Over 2,000 elementary students in the Southern Tier receive free or reduced lunch during school hours, but are struggling with hunger over the weekends and holidays. In order to remedy this, the Food Bank of the Southern Tier started a BackPack Program. Every Friday afternoon, this program provides children with a backpack full of nutritious, easy to prepare foods. Each backpack contains at least 2 proteins, 2 grains, 2 dairy, and 2 fruits or vegetables. Examples of these foods are peanut butter, canned fruits and veggies, tuna, cereal, and more. Children are able to use these foods to stay full during the weekends and holiday breaks and return to school ready to learn.

                Chris Allinger, radio personality of Q Country 103.7, will be walking over 100 miles over the course of one week to raise money for the BackPack Program. As he walks around Tompkins County, he will be collecting donations for the Tompkins County sector of the BackPack Program. One of his lasts stops on Friday, September 12th will be at IC Square at 3pm. As Chris will have been walking for 5 days when he arrives at IC, we are excited to greet him with a warm welcome. At IC Square, we will provide refreshments and a chance to meet Chris Allinger. He will say a few words about his mission, and will take any donations that are offered to him. Surprisingly, it only takes 3 dollars to fill a backpack with nutritious food for a student. A 3 dollar donation is all it takes to make a different in a young student’s life. Please join us at 3pm in IC Square to cheer on Chris, show your support for our community, and to make any donations if possible.
 Walkin The Country

For more information on Walkin’ in the Country, or the Food Bank of the Southern Tier’s BackPack Program, visit: http://1037qcountry.com/2014/08/10/walkin-the-country-3/ 

We hope to see you there!
Jaclyn Cheri
Ithaca Dining Services

Monday, April 28, 2014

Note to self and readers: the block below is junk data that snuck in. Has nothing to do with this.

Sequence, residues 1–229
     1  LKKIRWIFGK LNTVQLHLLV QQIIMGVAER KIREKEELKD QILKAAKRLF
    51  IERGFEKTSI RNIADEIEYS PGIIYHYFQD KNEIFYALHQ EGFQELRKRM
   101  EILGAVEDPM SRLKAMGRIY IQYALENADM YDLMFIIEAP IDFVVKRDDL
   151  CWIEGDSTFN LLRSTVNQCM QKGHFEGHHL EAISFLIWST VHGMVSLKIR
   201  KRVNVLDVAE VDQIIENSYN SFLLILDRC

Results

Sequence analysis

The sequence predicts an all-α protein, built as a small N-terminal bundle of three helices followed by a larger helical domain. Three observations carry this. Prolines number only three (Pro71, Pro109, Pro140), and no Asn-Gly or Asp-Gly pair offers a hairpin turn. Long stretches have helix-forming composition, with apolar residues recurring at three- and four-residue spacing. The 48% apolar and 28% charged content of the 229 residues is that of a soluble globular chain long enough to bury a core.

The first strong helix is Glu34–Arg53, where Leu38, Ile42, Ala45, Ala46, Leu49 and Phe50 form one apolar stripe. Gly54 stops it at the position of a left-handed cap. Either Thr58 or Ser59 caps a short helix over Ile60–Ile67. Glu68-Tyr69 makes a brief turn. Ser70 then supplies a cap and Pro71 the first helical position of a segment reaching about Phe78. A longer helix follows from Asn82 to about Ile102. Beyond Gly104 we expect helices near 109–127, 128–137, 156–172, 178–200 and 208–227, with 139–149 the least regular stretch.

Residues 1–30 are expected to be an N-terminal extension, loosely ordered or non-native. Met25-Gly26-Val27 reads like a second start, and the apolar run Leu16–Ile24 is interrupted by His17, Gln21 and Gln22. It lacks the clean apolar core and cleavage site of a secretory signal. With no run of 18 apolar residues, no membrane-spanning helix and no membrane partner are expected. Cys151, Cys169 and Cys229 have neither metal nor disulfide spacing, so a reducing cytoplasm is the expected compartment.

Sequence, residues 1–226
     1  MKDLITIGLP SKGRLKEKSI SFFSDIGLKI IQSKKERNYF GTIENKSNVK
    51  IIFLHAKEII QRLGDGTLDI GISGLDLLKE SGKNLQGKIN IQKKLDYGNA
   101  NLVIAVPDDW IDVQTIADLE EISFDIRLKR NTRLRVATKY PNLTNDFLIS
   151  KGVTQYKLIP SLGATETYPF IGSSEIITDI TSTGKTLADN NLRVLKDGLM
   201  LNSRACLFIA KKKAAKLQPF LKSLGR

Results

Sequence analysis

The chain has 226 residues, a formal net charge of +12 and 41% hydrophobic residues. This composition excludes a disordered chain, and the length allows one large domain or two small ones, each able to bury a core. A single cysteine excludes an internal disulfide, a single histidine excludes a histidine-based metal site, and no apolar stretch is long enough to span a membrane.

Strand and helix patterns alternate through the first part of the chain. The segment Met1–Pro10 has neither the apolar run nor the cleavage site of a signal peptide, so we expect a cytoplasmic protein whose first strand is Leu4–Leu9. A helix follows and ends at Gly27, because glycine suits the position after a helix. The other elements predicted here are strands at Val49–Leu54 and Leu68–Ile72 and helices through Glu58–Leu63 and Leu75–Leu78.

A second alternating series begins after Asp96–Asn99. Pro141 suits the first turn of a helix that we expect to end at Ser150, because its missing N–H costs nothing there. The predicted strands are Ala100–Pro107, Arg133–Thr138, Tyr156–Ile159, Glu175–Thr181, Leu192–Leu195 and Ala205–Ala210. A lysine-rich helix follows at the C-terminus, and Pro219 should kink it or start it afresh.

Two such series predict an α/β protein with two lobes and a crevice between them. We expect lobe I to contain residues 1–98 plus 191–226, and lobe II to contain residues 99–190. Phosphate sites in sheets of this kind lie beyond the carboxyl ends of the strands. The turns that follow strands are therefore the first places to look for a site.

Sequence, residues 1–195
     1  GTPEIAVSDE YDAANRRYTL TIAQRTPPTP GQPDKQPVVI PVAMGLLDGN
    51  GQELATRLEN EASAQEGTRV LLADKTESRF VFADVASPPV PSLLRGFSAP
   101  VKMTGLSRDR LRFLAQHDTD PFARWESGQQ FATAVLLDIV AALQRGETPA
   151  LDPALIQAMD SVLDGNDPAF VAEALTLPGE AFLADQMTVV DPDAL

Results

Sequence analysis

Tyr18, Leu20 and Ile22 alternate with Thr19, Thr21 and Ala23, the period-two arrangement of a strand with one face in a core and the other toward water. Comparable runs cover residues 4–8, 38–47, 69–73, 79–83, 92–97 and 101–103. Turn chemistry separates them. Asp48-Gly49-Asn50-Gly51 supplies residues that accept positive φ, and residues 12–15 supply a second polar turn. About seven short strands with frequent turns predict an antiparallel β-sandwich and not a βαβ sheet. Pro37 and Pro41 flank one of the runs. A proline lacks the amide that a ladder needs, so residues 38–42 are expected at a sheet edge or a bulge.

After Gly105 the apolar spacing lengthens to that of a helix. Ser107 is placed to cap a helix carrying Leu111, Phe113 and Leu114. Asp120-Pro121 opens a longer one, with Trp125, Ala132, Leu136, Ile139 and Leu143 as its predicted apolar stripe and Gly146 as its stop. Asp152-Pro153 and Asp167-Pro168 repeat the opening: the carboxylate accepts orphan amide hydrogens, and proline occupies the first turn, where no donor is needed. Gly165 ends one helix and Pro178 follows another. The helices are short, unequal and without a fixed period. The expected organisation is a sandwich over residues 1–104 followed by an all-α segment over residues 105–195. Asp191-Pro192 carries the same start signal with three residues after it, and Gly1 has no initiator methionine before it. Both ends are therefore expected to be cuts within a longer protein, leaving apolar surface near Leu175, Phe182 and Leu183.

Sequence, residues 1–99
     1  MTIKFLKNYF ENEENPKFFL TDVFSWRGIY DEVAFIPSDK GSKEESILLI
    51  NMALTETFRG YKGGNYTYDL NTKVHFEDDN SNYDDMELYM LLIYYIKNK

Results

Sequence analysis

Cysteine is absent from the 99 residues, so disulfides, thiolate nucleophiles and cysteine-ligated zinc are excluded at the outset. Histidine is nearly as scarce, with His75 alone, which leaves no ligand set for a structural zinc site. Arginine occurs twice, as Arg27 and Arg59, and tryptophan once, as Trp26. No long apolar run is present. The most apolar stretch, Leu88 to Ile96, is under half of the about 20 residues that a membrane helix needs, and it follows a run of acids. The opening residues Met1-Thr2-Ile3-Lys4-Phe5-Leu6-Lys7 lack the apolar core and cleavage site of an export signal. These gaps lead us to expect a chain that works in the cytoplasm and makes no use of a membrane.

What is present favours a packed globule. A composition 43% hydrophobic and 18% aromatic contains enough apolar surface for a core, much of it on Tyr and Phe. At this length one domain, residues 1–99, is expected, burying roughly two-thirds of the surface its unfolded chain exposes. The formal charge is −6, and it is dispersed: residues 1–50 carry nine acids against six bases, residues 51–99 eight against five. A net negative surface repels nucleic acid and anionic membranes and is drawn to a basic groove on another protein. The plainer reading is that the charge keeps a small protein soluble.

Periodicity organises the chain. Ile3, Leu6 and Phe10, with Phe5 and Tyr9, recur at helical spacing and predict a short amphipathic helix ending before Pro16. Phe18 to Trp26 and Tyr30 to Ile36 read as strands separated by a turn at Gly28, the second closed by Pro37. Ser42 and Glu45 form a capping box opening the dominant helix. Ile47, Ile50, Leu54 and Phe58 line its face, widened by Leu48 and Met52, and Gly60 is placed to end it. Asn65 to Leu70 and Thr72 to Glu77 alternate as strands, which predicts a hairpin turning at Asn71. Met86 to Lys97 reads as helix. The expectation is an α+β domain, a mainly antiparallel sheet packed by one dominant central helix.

Secrets of Soy


When someone mentions they're a vegetarian, most people flash right to the stereotypical vision of that person eating salad and tofu. But as many people know, there's a whole host of meat alternatives that vegetarians enjoy on a daily basis! 



From Boaca Burgers, to Tofurkey sandwiches, and Morningstar Chik'n nuggets, our food industry has done a great job at providing us with great tasting copies of meat products, made from wheat, vegetable protein and large amounts of soy.



But recently in the news, soy has gotten a bad rap. Not only is it beginning to have a negative environmental impact, but eating too much soy has been linked to negative health effects.



Because the soy business has been growing exponentially the past few years, a lot of the crop has been genetically modified and improperly fermented. Scientists found high amounts of natural toxins in the composition of the soy which are not particularly the healthiest for us.



Environmentally, soy is being grown in extreme quantities down in South America to feed to livestock. Increasing meat consumption in China and other Asian countries has led to a higher demand for this animal feed. Soy is therefore being grown in enormous monocultures and causing deforestation in dense biodiverse tropical areas.


So what does that mean to you? Eating soy is not going to kill you. Just as with many other foods, it's ok to enjoy soy in moderation! Especially organic soy products! Soy is packed with protein and a bunch of amino acids, which is why it makes a great substitute for the active vegetarian. Keep a look out for the non-processed versions of soy, which have proven to prevent heart disease and lower cholesterol.

So to avoid all the confusion and hype around eating soy based foods, I've done the research and here's the bottom line. Consuming too much processed soy-based products is not the healthiest, but eating organic or natural sources of soy (whether that's tofu, edamame, or soybeans) can be a great source of protein! ​

- Erika